HYPERLIPIDEMIA PART 1
HYPERLIPIDEMIA PART 1.
"I'd like you all to dwell upon these figures."
Far too many patients are concerning themselves unnecessarily with blood lipids when they should be addressing other priorities. Listed below are risk considerations in CVD (cardiovascular disease). You will note that blood fats are third from the bottom. I don't think this is the best chart available, but it is a good simple chart and I use it for this reason. I can't remember its source, however, I have made one change to it over the years, and that is I've put homocysteine further up the list in light of more recent evidence since the chart was originally published. The chart is, after all, only intended as a general guide and reminder/prompter. Nearly all the patients I see taking cholesterol lowering medicine are taking it unnecessarily and could easily have herbal medicines instead - especially antioxidants. You will recall that cholesterol is harmless until it is oxidised! It is completely benign of itself.
CARDIOVASCULAR DISEASE RISK CONSIDERATIONS.
THE FOLLOWING ARE CVD RISK FACTORS PLACED IN ORDER OF IMPORTANCE, MORE OF LESS;
COMBINATION OF THREE OR MORE FACTORS ON THIS SHEET
VERY STRONG GENETIC ANCESTRAL HISTORY
SLEEP APNOEA/INSOMNIA WITH EXCESSIVE DAYTIME FATIGUE
LACK OF REGULAR PHYSICAL ACTIVITY
ELEVATED SYSTOLIC BLOOD PRESSURE
HIGH BLOOD LIPIDS
PRE-DISPOSITION TO RECURRENT INFECTIONS
FOOD INTOLERANCES AND/OR ONGOING INFLAMMATORY DISEASE, E.G. IRRITABLE BOWEL SYNDROME, DIVERTICULITIS.
These risk factors vary in importance; that is to say, a young patient with diabetes has less risk of a cardiac event than a very old patient who is non-diabetic, and so forth.
So, lets have a look at at study, and of course you all well know my views on some so-called research being largely a waste of time - ergo, if I highlight a study, it is a meaningful study, (even if it's American) :-)
Here is a paper: McCully KS, 'Atherosclerosis, serum cholesterol and the homocysteine theory: a study of 194 consecutive autopsies' , American Journal of Medical Science, 299(4), 1990, pp 1149 - 1155. This was a study of 194 consecutive autopsies of patients all with some form of atheroma, and divided into four groups. (Note too, that this study was published in a journal of medical science, which is mostly what the naturopathy degree now is, and not a journal of a medicine! This is most significant and curious - there are any number of medical journals to which the study could have been submitted, and one has to wonder whether it was rejected by those journals, or whether the authors were afraid of submitting it because it brings into question long held beliefs. Most people are unaware that a bachelor of medical science is different from a bachelor of medicine, and so medical journals are sometimes skewed to support western medicine rather than stand alone science.)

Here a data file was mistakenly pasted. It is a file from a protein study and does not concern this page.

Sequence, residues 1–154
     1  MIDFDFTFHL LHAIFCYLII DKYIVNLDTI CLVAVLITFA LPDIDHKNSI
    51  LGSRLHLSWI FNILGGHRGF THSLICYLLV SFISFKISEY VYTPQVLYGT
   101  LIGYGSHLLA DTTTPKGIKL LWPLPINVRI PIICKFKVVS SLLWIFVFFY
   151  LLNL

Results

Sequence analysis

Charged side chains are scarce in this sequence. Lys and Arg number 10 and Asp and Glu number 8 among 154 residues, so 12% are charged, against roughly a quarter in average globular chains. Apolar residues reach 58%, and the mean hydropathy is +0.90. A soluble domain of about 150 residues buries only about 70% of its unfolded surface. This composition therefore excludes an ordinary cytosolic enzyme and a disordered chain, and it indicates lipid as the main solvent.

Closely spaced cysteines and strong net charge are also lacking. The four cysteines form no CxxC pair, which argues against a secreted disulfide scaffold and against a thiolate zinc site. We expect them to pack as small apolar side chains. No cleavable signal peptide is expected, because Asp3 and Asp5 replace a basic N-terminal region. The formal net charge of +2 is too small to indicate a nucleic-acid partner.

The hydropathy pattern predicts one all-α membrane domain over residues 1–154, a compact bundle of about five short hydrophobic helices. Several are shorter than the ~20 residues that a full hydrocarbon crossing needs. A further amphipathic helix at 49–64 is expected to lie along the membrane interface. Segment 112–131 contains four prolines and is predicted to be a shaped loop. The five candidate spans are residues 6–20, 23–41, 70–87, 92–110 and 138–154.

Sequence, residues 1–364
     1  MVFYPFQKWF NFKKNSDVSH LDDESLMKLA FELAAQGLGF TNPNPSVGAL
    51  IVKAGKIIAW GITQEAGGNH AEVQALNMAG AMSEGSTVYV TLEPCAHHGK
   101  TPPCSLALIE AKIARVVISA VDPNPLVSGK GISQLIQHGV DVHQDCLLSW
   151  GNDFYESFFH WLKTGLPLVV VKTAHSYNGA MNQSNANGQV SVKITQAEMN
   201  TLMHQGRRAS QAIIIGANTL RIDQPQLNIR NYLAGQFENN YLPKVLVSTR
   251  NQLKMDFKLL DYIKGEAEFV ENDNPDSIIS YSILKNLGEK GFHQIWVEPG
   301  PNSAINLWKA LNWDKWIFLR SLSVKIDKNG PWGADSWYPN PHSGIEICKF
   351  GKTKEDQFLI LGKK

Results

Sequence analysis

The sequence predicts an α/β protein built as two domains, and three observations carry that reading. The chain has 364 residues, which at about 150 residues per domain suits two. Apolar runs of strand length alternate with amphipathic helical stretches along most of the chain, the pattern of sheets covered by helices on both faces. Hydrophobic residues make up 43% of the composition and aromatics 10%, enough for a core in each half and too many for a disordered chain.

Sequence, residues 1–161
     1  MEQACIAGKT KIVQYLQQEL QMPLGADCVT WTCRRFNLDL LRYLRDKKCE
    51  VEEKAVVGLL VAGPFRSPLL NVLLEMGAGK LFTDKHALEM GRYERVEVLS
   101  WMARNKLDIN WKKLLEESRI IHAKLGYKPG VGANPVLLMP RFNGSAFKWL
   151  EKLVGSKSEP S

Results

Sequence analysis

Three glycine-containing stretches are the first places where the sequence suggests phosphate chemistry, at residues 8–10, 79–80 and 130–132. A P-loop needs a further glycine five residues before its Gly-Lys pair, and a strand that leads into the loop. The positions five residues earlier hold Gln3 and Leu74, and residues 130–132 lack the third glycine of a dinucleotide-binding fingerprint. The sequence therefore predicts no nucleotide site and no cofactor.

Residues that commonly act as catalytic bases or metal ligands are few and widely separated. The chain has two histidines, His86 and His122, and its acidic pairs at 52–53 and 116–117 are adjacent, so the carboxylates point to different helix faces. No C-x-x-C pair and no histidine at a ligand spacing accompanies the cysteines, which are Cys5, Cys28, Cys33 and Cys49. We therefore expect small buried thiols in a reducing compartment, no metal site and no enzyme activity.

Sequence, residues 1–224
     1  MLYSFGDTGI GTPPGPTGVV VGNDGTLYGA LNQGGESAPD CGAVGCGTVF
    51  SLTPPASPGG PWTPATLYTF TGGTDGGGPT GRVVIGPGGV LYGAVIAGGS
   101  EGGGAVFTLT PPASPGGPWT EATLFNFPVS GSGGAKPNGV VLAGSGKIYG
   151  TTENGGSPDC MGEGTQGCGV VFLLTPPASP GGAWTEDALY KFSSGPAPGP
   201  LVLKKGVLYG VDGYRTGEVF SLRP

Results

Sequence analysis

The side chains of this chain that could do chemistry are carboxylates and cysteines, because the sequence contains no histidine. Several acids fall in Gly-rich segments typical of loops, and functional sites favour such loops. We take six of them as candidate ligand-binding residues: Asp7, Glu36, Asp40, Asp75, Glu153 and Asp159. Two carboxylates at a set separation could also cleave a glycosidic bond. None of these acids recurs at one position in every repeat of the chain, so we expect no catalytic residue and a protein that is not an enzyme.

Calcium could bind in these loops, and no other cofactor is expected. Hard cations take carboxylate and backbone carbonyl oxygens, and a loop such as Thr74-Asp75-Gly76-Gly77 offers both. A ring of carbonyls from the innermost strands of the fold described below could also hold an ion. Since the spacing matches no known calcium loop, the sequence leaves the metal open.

Here's how the cadavers were grouped:
Group 1. Comprised more than 50% narrowing of the abdominal aorta, and all of whom had died from some sort of vascular event.
Group 2. Comprised more than 50% narrowing of the abdominal aorta who had died of other chronic diseases.
Group 3. The third group comprised atheroma measuring up to 50% narrowing of the arteries. This still represents significant atheroma.
Group 4. This group had no arteriosclerosis (arterial hardening) and less than 10% atheroma formation. This represents insignificant atheroma.
Groups 1, 2 and 3 comprised 170 patients. Of these, 123 had a history of serum cholesterol under the recommended 5.2 mmol/L. Of the remainder (47), only 27% had cholesterol levels from 5.2 to 6.5, and only a minute 7% had figures greater that 6.5.
It gets more interesting... 92% of all of the cases who had neither diabetes or hypertension had cholesterol levels less that 6.5, and of these the cholesterol was less than 5.2 in 74% of cases. In the total of 122 cases in groups 1 and 2, severe atherosclerosis developed in 80 cases where no diabetes, hypertension or elevated cholesterol were present.
From these figures, you can see that it isn't the cholesterol so much which was the cause of death, but more likely oxidation of the cholesterol of some other factor.
Now, I'm going to leave it there for this week, because I'd like you all to dwell upon these figures.
Next week, we are going to discuss the dangers of low cholesterol, and all the unusual events that occur in patients with HYPOlipidemia. In 26 years of practice, I've never had a patient complain of low cholesterol, but in a significant number of patient cases, it is so. I've seldom had a patient complain of high oxidation - more on this next week.
Before I go... You will recall my saying that western man is the only primate on the planet that doesn't ingest therapeutic amounts of herbal medicine on a daily basis. Well, I saw a cooking programme during the week, part of which was about what a traditional Thai ate for breakfast, and from what I could deduce, the family members were each having more herbal medicine for BREAKFAST than I prescribe to patients for a whole day! The problem is of course that most of the culinary herbs we use in the west these days are not that high in medicinal quality - the high quality medicines having gone to our pharmaceutical companies. (The Thai family were using freshly picked plants.)